State to showcase road work to help traffic along Hwy. 160

jmarks@fortmilltimes.comDecember 3, 2012 

— By this time next year, state road planners expect to be at work relieving heavy traffic along one of York County’s most problematic drives. By Thursday, they’ll have the drawings ready to show drivers just how they’ll do it.

A drop-in public meeting is scheduled from 5 to 7 p.m. Thursday at Tega Cay Baptist Church to display planned improvements on Hwy. 160 West at both Gold Hill and Zoar roads.

The South Carolina Department of Transportation is working with York County to alleviate congestion in the area. The state agency plans to improve intersections and add turn lanes. Afterward, the county can come behind and complete the widening project approved by voters in last year’s Pennies for Progress referendum.

The local Pennies project is an $8.84 million widening of just more than a mile of Hwy. 160 to the state line, from two lanes to five. The state effort should cost about $6.5 million, program manager Julie Barker said. Barker expects right-of-way acquisition to begin next spring and followed by construction in the fall.

Thursday’s meeting will show plans only for the state project. The state looks to fund its work through congestion mitigation grants and, because the area is already a known traffic problem, safety grants.

“Because it’s so congested,” Barker said, “people take risks out there.”

Lake Wylie Lutheran Church is one such place. Traffic is backed up from that church, at the corner of Gold Hill and 160, to the interstate many mornings, and late attendees to Wednesday night Bible studies are common due to traffic. Afternoon drive cut-throughs became such a problem that the church put up plastic impediments to help protect children and others on campus at those times.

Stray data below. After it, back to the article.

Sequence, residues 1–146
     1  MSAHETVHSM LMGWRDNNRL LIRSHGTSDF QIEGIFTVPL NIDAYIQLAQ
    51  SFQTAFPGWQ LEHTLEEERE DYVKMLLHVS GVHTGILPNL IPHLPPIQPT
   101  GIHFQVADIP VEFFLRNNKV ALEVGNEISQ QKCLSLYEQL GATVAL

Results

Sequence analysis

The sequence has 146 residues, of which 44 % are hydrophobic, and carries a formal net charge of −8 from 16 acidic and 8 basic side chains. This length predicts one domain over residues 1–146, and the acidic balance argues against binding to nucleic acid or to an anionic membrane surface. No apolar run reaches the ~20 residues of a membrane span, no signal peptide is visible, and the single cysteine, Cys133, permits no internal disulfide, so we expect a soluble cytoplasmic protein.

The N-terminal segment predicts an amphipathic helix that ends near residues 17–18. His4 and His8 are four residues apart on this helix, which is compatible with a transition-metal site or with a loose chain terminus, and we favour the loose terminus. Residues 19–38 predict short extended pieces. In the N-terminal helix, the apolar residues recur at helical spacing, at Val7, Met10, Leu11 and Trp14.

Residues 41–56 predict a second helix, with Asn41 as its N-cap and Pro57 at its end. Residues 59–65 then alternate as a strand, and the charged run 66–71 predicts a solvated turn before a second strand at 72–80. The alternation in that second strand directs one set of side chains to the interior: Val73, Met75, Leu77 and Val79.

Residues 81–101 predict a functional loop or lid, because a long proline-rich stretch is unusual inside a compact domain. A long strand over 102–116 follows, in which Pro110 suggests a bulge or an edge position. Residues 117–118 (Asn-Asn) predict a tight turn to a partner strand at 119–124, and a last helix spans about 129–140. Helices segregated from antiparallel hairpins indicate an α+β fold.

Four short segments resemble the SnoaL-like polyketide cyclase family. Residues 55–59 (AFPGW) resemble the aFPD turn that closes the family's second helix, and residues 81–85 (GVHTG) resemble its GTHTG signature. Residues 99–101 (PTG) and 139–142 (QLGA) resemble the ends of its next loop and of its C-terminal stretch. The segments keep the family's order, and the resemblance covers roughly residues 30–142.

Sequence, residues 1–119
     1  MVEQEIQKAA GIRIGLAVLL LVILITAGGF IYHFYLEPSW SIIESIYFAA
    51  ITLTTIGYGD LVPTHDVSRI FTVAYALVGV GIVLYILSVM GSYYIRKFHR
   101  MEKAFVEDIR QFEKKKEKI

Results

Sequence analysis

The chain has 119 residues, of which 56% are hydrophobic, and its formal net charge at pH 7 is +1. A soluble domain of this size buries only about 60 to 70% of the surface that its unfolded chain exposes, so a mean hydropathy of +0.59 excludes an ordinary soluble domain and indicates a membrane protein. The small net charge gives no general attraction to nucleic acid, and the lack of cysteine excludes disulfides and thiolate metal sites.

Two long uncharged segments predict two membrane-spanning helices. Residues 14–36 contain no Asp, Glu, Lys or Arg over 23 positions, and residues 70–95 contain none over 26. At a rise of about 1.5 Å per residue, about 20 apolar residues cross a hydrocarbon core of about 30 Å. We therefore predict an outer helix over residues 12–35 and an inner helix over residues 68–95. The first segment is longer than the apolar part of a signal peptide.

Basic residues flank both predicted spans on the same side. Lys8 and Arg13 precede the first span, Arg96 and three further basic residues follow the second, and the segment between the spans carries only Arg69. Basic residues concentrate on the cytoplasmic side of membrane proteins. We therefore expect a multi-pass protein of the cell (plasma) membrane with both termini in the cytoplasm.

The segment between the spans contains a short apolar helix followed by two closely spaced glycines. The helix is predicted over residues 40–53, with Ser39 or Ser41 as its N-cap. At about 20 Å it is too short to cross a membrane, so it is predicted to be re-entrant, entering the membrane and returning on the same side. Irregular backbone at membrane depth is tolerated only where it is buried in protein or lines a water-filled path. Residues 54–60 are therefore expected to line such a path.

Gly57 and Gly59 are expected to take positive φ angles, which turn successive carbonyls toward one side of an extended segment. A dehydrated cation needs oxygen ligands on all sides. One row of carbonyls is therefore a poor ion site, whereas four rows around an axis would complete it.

“We don’t want to hurt anybody’s car, but we do want to deter that,” church pastor Rammy Lybrand said.

Evans Tire and Wrecker Service sits at Hwy.160 and Zoar Road. Workers there on Thursday morning described the traffic situation during the early and evening rush as “hell” on the roads, and said already there were drivers “blowing horns this morning.” They’re pleased with the effort to relieve congestion, but think the construction is “probably going to screw some things up” in the interim.

A new elementary school planned for Tega Cay nearby is of particular interest, several said, with more traffic likely coming.

The new work will require land acquisition and some realignment of Zoar Road, though roads won’t be rerouted to impact property that isn’t already along Hwy. 160.

“Everything is widening from the center,” Barker said. “There won’t be any new property that isn’t along those roads.”

Public input will be taken Thursday, but there won’t be options to vote on or alternatives given. Should public sentiment require it, planners could go back and plan additional public hearings or alter plans, though it isn’t expected.

“If we need to adjust accordingly we can,” Barker said, “but they’re pretty straightforward.”

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